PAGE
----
Monday, September 28, 2015
We put down on Lake Aleknagik, glided into the beach, and unloaded our gear into the shuttles that would carry us back to Dillingham. The week at the Coachman was done. Our pilot, Steve, became our driver and offhandedly observed...
Now comes the dangerous part of our trip.
Yeah, I replied, statistically speaking we were safer in the air than we are on the road.
Not just that. Look at this van!
Funny that he felt less comfortable in a ten-year-old Dodge than he did in the sixty-year-old de Havilland. Funnier still, I did too.
When I told folks that I was going to Alaska they were understandably envious, but most hesitated when I described our daily routine, predicated on venturing out into the wilderness in small floatplanes. More than a few inquired of my life insurance.
But in his book, Top of the Flood: Halfway Through a Fly Fishing Life, my friend Tosh Brown sums it up nicely:
“I’ve never quite understood why some will readily strap themselves into a 300-ton aluminum firecracker and then balk when offered a ride in a small plane that actually makes aerodynamic sense.”
The argument didn’t sway many.
But it’s their loss for while the fishing was fantastic, the flying was better. We soared over forest and water and tundra and rock. We glided high in bluebird skies and crawled a scant three-hundred feet off the deck under impenetrable white ceilings. We watched from an unparalleled viewpoint as Fall found the Tikchik and painted the Togiak in autumnal brilliance. It was simply breathtaking and I’d have happily lain down my fly rods to ride the winds all day.
I took hundreds of pictures from the air but none do justice to the spectacle. Not a one. But I’ll try to show you, as best as I can, Fall’s arrival in Alaska, framed quite nicely by wing and float.
Thanks, Steve and Tor, for sharing your wings. It was a joy.
If this handful of images isn't enough, feel free to check out another dozen here, including some shots of the horse itself, the lovely de Havilland DHC-2 Beaver.
Note: Click on the images to see them in larger format. It's a step closer to the real thing, I suppose, but still pales...
Friday, September 18, 2015
Are you taking pictures of dead fish?
Yes. Yes I am.
I am fascinated by the carnage that litters the Alaskan streamsides and can only imagine what it will look like in a month. The imperative that exists within these fish, to swim hundreds of miles to their birthplaces, to do their thing and then call it a life, amazes me. To see the swimming zombies, spent and deteriorating, flesh falling from their bones, but still fighting the currents to perpetuate their species, humbles me.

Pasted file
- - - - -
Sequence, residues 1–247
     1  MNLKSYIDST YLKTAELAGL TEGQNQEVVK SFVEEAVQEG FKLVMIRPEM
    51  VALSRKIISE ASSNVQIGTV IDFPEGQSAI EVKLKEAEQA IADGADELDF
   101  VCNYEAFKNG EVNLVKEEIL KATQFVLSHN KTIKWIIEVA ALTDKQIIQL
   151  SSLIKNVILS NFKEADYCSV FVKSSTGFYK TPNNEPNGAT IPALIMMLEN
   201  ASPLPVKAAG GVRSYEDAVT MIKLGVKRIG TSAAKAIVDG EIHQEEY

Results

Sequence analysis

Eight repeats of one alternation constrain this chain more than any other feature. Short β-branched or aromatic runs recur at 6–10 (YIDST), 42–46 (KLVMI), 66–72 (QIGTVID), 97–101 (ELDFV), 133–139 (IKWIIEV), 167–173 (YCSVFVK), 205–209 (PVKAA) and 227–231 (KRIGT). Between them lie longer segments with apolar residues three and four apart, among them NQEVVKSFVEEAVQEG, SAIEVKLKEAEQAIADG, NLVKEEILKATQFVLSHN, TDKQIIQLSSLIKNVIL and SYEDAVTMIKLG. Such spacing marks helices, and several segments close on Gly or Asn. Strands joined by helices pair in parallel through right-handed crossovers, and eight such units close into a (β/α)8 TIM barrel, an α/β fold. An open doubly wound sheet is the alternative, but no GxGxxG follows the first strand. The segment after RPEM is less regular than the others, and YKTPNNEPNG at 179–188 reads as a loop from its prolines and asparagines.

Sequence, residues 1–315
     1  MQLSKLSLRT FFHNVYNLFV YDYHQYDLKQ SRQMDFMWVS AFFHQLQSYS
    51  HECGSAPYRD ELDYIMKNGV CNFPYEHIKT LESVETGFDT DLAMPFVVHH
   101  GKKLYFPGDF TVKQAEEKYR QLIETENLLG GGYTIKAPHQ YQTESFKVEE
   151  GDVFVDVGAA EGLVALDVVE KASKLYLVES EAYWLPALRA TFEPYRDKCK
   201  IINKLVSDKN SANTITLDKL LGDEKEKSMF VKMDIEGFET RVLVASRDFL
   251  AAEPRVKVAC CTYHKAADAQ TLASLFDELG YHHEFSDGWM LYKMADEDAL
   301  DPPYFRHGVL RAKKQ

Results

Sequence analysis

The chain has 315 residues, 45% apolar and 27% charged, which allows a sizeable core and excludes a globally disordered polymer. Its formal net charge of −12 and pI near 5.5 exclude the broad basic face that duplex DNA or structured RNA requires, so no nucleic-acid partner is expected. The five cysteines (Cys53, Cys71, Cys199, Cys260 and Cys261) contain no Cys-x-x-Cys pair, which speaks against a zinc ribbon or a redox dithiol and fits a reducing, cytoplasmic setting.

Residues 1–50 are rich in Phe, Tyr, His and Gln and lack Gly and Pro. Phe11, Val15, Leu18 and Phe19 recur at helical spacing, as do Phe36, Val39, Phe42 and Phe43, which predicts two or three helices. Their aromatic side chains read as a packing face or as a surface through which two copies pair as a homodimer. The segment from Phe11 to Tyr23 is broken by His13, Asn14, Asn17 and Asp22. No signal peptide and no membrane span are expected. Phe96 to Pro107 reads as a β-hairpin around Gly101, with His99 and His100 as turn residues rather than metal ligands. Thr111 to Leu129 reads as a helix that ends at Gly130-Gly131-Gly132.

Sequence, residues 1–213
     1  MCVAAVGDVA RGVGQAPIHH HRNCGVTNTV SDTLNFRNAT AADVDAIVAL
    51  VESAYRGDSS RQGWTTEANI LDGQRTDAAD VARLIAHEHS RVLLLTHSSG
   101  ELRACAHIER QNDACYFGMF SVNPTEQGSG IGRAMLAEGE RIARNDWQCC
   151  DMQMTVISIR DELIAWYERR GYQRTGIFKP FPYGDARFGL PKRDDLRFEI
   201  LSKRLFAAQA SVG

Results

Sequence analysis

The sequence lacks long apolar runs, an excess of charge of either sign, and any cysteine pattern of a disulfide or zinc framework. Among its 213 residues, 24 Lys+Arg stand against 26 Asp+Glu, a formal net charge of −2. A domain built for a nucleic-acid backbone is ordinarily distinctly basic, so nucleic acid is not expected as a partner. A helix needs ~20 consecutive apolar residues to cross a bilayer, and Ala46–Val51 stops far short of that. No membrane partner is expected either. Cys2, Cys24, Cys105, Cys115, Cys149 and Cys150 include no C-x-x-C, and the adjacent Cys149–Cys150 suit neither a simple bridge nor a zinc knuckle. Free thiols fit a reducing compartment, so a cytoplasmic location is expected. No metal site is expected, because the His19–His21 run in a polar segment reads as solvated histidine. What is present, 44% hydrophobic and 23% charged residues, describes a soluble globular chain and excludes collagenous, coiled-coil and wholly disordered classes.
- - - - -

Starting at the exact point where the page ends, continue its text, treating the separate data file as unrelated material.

Do I have such courage, such commitment, such ragged nobility within me?
Mike, you're weird.
Yes. Perhaps I am. But then you probably don't see them as I do.
Or do you?
Tuesday, September 15, 2015
Monday, September 14, 2015
When enunciated correctly, the word is both deeply erotic and profoundly disturbing. Say it with me.
Feel the tingle?
When you get tired of catching fish after fish, drift after drift, grayling after goddam grayling (with the occasional lipsticked dolly tossed in to make it marginally worthwhile); when you get tired of fishing that piece of costume jewelry, that perfectly round trinket, that princess-pink bauble painted with just the right nail polish; when easy fishing degenerates from easy to boring (perhaps thirty minutes, if even that long), your buddy says the ‘f’ word and something dark inside of you moves.
You know what you’re giving up. The numbers, the clockwork tug, the comfort and ease of your trapped air technology. (No Charles, it’s not a fucking “bobber.” It’s a strike indicator! For God’s sake, have some dignity.) You give up that mind-numbing rhythm of mending and catching, mending and catching, mending and catching.
They say that you don’t leave fish to catch fish, but they’re wrong. All fish are not equal. All fishing is not sport.
So you ignore the outside bubble line and focus, instead, on the inside snags; the slow water and blow-downs where rotting corpses gather in underwater creep shows. Phantoms, waving in tatters like carrion sheets on Lucifer’s clothesline. You dead drift (acquiring a whole new perspective on the term) tan stingers that, for all the world, look like soiled shreds of toilet paper flushed down Seward’s folly, but promise their targets the carnage they crave. You dredge the putrid downstream abattoir where the meat eater lies. You pursue the beast that's following its basest of urges, not daintily sipping on priss caviar as it gently flows by. You stalk the savage. You want him at his baddest, his inner zombie full-blown, his depravity manifesting in glorious carnivorous splendor.
He deserves a hook in the face and you’re all about giving him one.
Sure, you’re probably foregoing twenty, thirty, to chase just that one. That cannibal. That monster. And maybe, just maybe, he’d think about taking a bead, but what fun is that?
He wants… you want…
Friday, September 11, 2015